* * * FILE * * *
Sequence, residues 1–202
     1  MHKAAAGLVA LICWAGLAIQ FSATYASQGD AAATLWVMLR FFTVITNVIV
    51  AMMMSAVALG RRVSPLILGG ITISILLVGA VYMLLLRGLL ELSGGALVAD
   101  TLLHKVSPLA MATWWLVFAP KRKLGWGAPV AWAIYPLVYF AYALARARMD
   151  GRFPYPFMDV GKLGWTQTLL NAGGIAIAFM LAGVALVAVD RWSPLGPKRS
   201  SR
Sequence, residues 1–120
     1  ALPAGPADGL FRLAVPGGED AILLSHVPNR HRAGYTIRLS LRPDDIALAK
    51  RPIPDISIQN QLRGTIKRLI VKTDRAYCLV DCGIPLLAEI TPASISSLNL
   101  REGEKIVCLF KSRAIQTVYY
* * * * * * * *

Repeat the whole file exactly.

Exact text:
Sequence, residues 1–202
     1  MHKAAAGLVA LICWAGLAIQ FSATYASQGD AAATLWVMLR FFTVITNVIV
    51  AMMMSAVALG RRVSPLILGG ITISILLVGA VYMLLLRGLL ELSGGALVAD
   101  TLLHKVSPLA MATWWLVFAP KRKLGWGAPV AWAIYPLVYF AYALARARMD
   151  GRFPYPFMDV GKLGWTQTLL NAGGIAIAFM LAGVALVAVD RWSPLGPKRS
   201  SR
Sequence, residues 1–120
     1  ALPAGPADGL FRLAVPGGED AILLSHVPNR HRAGYTIRLS LRPDDIALAK
    51  RPIPDISIQN QLRGTIKRLI VKTDRAYCLV DCGIPLLAEI TPASISSLNL
   101  REGEKIVCLF KSRAIQTVYY